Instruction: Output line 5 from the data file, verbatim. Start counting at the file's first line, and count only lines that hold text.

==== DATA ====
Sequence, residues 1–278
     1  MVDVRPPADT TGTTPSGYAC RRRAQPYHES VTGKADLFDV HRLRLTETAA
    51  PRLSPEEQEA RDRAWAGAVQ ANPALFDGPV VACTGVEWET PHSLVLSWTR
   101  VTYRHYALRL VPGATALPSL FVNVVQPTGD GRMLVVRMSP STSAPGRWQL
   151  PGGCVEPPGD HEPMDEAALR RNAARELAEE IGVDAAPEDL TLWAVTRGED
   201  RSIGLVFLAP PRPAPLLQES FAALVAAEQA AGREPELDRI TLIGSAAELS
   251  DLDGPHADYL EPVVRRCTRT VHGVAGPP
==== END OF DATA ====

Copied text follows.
   151  PGGCVEPPGD HEPMDEAALR RNAARELAEE IGVDAAPEDL TLWAVTRGED